This thesis focuses on establishing efficient parallel repetition theorems for computationally sound protocols, which assert that under parallel repetition, the computational soundness error of interactive protocols decreases at an exponential rate, and ideally, behaves as if the repetitions are completely independent. For example, suppose a protocol 〈P, V〉 has soundness error δ, then its n-fold parallel repetition 〈Pn, Vn〉, where V n (called direct-product verifier) accepts iff all n subverifiers accept, should have soundness error δ n.
The soundness error captures the probability of breaking a cryptographic protocol and/or the probability of convincing a party of a false assertion. Parallel repetition is a simple and desirable way to amplify soundness since it preserves the round complexity. However, existing negative examples show that this does not hold for all interactive protocols. Therefore, the question is, for what classes of protocols do parallel repetition theorems hold?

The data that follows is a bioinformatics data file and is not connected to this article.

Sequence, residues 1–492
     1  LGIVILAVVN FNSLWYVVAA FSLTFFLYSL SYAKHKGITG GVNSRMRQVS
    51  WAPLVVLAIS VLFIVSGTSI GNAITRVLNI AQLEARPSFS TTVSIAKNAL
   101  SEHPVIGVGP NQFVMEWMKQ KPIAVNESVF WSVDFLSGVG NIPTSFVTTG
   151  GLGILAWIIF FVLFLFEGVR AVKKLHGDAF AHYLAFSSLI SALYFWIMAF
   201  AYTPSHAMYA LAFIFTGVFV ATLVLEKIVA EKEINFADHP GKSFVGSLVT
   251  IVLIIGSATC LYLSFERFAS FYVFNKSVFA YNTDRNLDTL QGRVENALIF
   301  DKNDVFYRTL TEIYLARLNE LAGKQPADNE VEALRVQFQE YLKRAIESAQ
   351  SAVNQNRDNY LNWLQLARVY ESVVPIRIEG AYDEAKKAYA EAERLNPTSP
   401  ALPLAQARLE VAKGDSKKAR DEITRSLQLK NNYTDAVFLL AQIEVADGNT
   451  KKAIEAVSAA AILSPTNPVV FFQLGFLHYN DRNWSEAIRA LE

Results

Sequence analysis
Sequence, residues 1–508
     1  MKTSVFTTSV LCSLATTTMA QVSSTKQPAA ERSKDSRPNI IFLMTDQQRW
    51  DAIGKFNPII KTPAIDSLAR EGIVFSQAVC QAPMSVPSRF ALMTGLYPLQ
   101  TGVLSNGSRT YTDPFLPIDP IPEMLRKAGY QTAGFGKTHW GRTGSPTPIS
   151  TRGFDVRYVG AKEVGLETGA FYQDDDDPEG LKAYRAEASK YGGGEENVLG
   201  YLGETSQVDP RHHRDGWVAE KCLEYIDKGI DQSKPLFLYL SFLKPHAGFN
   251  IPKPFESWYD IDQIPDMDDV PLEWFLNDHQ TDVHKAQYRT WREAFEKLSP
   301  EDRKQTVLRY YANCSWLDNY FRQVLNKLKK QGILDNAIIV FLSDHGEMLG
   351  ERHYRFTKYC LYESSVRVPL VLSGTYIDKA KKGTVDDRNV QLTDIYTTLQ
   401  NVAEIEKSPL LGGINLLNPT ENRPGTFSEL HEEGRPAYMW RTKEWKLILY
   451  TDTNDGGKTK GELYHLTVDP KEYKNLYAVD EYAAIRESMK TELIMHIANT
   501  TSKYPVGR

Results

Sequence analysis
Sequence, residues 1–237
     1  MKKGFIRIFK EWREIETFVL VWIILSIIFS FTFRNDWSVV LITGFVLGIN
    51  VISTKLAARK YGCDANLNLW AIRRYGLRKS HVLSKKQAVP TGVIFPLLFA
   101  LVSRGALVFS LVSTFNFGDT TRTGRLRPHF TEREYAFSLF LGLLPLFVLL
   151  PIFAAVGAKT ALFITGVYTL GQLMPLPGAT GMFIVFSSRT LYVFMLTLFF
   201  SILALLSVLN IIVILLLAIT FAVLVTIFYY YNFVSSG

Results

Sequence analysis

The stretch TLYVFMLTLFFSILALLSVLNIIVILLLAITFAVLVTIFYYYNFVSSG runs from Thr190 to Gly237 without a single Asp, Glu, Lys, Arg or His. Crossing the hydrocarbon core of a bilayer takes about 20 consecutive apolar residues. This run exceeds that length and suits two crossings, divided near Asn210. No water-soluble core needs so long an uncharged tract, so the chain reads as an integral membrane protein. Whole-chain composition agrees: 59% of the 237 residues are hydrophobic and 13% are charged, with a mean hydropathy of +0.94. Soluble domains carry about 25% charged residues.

We prove new parallel repetition theorems for several classes of protocols such as public-coin protocols, three-message protocols, and a more general class of "simulatable" protocols. For some settings such as public-coin protocols with direct product verifiers, we obtain tight results that match information-theoretic bounds. In addition, we will discuss strength and limitations of different reduction ideas. We hope that the discussion can make the current progress more transparent, and lead to better understanding of parallel repetition.
The reductions used for proving parallel repetition theorems have several applications, in particular, to security amplification. We will also present our work on improving the efficient of security amplification for cryptographic primitives such as commitment schemes, signature schemes, message authentication codes, CAPTCHAs, etc.